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Atty. Gen. Brown Discloses New Evidence Of Countrywide's Deceptive Practices
LOS ANGELES--California Attorney General Edmund G. Brown Jr. today disclosed “shocking new details” about Countrywide Financial’s deceptive business practices which included ignoring their own underwriting guidelines and rewarding employees for selling risky home loans.
"These shocking new details provide further evidence of Countrywide's dangerous lending practices, which included ignoring borrowers' low credit scores and rewarding employees for selling risky loans,' Attorney General Brown said. 'In one case the company approved an adjustable rate mortgage to an 85-year-old disabled veteran with such a low credit score and high debt that he defaulted in less than six months.'
On June 20, 2008 Attorney General Brown sued Countrywide for engaging in deceptive advertising and unfair competition by pushing homeowners into risky loans for the sole purpose of reselling the mortgages on the secondary market. Today Brown filed an amended lawsuit in Los Angeles Superior Court which reveals twenty new details about the company's scheme to deceive consumers into taking out dangerous mortgages. The information had been previously withheld from the complaint.
Some of the new information includes the fact that Countrywide’s wholesale lending officers received higher commissions for selling Pay Option Adjustable Rate Mortgages--loans that entice consumers with a very low initial 'teaser' rate--and loans with weak underwriting standards. Countrywide also paid higher commissions for putting borrowers into loans with higher rates and fees than they qualified for based upon credit scores and other factors.
Countrywide ignored factors that it identified as having negative impacts on underwriting including: high debt ratios, low credit scores, and minimal down payments. Company employees regularly overrode warnings from Countrywide's computerized underwriting system, known as CLUES, which issued loan analysis reports rating consumer credit, purported ability to repay, and whether a proposed loan complied with underwriting guidelines.
The following examples describe new details about how Countrywide granted exceptions to sound business practices. These examples represent a small percentage of the large number of California residents who are facing foreclosure due to Countrywide’s dangerous practices:
• A Countrywide loan officer convinced a borrower to take a Pay Option ARM with a 1-month teaser rate and a 3-year prepayment penalty plus a full-draw piggyback home equity line of credit based on the loan officer’s representation that the value of the borrower’s home would continue to rise and he would have no problem refinancing. The borrower’s debt-to-income ratio was 47 percent and credit score was 663. The loan officer offered the loan even though the company’s CLUES report and an underwriter review indicated strong doubts about the borrower’s ability to repay. The loan closed in January 2006, and a Notice of Default issued in June 2007.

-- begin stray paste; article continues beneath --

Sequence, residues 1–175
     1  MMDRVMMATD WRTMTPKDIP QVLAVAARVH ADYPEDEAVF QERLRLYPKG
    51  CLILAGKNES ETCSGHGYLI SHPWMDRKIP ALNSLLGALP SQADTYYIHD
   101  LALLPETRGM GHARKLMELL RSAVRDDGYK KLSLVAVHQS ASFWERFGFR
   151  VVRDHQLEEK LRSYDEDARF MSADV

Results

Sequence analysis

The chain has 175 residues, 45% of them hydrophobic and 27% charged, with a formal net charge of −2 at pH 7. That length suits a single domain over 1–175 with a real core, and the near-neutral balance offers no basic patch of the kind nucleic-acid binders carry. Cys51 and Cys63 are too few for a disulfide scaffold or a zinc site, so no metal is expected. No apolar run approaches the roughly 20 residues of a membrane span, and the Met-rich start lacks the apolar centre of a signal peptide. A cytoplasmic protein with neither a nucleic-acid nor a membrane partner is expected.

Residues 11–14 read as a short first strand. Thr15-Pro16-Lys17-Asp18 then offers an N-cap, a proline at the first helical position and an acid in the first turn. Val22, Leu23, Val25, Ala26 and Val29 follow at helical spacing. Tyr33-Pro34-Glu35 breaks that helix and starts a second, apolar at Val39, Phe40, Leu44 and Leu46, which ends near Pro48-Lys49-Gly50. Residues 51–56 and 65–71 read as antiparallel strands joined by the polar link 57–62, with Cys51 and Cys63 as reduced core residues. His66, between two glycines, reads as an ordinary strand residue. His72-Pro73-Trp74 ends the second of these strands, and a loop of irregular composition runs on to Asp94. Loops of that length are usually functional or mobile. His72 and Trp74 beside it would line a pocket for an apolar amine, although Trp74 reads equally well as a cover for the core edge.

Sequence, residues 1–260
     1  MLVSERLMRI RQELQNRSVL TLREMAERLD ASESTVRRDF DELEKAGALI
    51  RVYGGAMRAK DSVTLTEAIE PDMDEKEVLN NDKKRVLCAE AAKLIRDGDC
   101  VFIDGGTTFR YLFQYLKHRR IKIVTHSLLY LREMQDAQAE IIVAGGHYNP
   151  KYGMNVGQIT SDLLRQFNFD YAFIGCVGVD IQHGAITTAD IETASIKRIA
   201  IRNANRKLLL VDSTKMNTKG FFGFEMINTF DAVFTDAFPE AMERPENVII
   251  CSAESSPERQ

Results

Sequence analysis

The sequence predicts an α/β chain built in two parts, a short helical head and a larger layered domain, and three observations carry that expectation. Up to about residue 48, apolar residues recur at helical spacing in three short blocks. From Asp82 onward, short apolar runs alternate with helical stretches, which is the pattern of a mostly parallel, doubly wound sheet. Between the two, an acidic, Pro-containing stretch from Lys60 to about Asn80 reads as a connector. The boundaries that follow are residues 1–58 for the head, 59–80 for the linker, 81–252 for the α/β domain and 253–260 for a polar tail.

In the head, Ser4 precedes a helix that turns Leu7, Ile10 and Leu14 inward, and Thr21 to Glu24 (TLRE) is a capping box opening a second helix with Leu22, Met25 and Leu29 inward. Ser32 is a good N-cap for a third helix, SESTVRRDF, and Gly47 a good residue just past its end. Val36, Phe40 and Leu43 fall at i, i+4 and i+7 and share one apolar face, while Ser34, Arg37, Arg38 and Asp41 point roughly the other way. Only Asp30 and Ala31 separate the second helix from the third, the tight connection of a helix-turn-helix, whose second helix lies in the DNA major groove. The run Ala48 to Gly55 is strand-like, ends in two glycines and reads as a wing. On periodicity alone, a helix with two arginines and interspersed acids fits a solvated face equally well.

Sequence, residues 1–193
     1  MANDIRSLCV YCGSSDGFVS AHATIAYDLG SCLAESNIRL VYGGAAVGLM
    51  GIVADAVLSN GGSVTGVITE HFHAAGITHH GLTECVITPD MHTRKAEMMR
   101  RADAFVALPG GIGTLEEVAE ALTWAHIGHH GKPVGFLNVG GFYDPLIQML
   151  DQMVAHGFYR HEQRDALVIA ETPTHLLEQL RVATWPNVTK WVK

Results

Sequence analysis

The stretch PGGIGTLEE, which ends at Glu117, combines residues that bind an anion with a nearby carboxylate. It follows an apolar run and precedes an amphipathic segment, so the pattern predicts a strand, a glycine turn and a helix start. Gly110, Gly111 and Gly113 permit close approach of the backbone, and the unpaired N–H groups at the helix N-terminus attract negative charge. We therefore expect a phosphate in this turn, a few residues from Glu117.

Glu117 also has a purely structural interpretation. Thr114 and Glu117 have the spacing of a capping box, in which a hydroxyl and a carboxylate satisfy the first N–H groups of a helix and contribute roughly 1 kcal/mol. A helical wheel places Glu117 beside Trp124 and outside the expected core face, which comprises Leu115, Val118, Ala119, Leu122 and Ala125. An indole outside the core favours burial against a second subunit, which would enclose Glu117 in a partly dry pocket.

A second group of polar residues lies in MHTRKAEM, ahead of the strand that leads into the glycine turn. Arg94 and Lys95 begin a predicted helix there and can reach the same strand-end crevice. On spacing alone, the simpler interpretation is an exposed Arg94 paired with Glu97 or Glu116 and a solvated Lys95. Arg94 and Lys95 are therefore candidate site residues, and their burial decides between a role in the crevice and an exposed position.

• The CLUES report issued for a loan applicant in February 2005 stated that the consumer had too much debt for the loan program and identified other elements of risk including a low credit score. The CLUES report raised doubts about the borrower’s ability to repay the loan but Countrywide approved a 3/27 adjustable rate mortgage with a 3-year prepayment penalty, to an 85-year old disabled veteran with a credit score of 509 score and an debt-to-income ratio of nearly 60 percent. The loan closed in February 2005, and a Notice of Default issued in July 2005.
• The CLUES report for a proposed loan identified multiple risks that created doubts about the borrower’s ability to make the payments, including the fact that a borrower had an open collection account. In January 2006, however, Countrywide granted exceptions for these risks and approved a reduced documentation Pay Option Adjustable Rate Mortgage loan for $352,000 with a 3-month teaser rate and a 3-year prepayment penalty, as well as a Piggyback home equity line of credit for $22,000. The loan closed in January 2006, and a Notice of Default issued in October 2006.
Many borrowers who obtained Pay Option and Hybrid ARMs did not understand that their initial monthly payment would at some point 'explode,' that their initial interest rate would increase and become adjustable, or that the principal amount of their loans could actually increase. Countrywide received numerous complaints regarding these practices from borrowers, including over 3,000 complaints per year handled by the Office of the President between January 2005 and August 2007.
Countrywide gave branch managers commissions or bonuses based on the net profits and loan volume generated by each branching, thereby creating intense pressure to sell as many loans as possible, as quickly as possible, at the highest prices possible. Branch managers were rewarded for meeting production goals set by corporate management, increasing the number of loans sold per loan officer, and reducing the time periods between the loan application stage and funding--or penalized for failing to do so.
Today’s amended lawsuit also contains updated data about Countrywide's staggering foreclosure rates. As of April this year, 21.11% of the mortgages owned by Countrywide Home Loans were in some stage of delinquency or foreclosure, including 47.97% of originated non-prime loans, and 21.23% of Pay Option ARMs. In January and March, 2008, Countrywide recorded 3,175 notices of default in Alameda, Fresno, Riverside, and San Diego counties alone, representing an aggregate total of delinquent principal and interest of more than $917 million.
The state's amended complaint is attached. For more information about California’s lawsuit against Countrywide please visit: http://ag.ca.gov/newsalerts/release.php?id=1582&